In the 1990s, the Treasury Department issued proposed regulations to try to clarify the self-employment tax status of LLC members.[10]   The proposed regulations were withdrawn in early 1997 and new proposed regulations were issued.  Under the 1997 proposed regulations, a partnership (or LLC taxed as a partnership) member is subject to self-employment tax under any one of three circumstances.[11]

  1. The individual has personal liability for the debts of, or claims against, the partnership by reason of being a partner or member.
  2. The individual has authority under the statutes of the state in which the partnership is formed to contract on behalf of the partnership (i.e., the individual has management authority).
  3. The individual participated in the entity’s trade or business for more than 500 hours during the entity’s taxable year.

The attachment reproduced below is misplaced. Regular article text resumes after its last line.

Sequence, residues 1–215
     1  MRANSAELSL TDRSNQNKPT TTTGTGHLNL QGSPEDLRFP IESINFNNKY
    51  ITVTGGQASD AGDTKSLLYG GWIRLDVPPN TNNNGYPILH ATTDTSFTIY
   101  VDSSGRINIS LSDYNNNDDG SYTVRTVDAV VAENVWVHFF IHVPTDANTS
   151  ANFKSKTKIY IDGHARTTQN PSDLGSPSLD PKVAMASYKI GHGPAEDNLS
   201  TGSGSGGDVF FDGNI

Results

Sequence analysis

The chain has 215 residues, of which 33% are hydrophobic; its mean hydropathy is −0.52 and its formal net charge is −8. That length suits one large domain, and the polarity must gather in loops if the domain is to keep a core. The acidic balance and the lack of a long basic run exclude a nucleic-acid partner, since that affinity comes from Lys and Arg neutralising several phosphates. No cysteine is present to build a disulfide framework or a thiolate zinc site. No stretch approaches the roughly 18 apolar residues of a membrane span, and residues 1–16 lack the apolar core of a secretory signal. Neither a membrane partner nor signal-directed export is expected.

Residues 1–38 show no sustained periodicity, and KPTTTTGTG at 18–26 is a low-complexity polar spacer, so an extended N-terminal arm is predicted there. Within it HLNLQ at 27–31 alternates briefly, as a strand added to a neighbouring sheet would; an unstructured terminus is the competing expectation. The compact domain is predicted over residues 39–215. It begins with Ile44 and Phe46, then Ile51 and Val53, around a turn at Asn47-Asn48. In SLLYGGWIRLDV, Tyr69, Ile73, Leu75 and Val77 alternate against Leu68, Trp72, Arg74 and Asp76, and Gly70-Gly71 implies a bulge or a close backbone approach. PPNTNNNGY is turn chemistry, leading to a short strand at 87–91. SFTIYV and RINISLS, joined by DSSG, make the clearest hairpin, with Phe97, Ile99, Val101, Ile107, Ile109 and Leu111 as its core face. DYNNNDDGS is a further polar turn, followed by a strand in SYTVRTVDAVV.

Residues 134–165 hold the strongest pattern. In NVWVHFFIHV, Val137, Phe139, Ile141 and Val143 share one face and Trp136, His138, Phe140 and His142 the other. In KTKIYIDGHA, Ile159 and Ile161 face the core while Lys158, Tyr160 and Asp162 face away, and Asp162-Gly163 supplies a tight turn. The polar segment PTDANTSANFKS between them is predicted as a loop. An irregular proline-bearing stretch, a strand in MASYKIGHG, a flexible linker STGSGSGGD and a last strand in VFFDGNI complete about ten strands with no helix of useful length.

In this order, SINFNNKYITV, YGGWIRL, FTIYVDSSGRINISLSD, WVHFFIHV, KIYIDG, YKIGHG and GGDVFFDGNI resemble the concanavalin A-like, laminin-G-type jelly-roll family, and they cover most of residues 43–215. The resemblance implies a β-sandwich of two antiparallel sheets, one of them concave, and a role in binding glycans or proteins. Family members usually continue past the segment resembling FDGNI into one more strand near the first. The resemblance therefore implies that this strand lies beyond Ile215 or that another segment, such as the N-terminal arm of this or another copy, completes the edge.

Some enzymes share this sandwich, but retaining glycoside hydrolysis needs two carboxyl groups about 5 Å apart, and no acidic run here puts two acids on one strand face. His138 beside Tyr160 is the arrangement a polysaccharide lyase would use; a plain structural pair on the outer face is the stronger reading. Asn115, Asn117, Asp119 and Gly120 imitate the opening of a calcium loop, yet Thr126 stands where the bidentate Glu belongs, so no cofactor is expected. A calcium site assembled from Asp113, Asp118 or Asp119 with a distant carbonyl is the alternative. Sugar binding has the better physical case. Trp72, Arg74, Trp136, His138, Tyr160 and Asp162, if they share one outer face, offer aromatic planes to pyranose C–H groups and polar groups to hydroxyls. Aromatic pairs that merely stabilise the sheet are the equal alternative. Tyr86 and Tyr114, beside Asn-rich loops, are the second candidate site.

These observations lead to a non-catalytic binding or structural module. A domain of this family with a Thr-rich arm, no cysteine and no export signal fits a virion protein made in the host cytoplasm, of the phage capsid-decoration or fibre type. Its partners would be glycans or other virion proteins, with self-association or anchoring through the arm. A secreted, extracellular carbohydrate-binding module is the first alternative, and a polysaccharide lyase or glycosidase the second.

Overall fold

Manager-Managed LLC.  An LLC may be member-managed or manager-managed.  By default, state LLC statutes treat LLCs as member-managed.  The owners of the LLC are responsible for managing the company in a member-managed LLC.  Thus, all of the members are treated as general partners and have self-employment tax liability on their respective distributive shares.  However, a manager-managed LLC is operated by managers who are appointed to run the company. Manager-managed LLCs are designated as such in the LLC formation documents or the LLC operating agreement, and operate in a similar fashion to a corporation that has a board of directors to control the company's affairs.  A manager-managed LLC has at least one member that takes a passive role in terms of operating the company. That feature can provide self-employment tax savings while maintaining limited liability.  In addition, the managers of the LLC can be members, but they don’t have to be.[12]  However, only the designated manager (or managers) in a manager-managed LLC has self-employment tax liability on their distributive share of partnership earnings.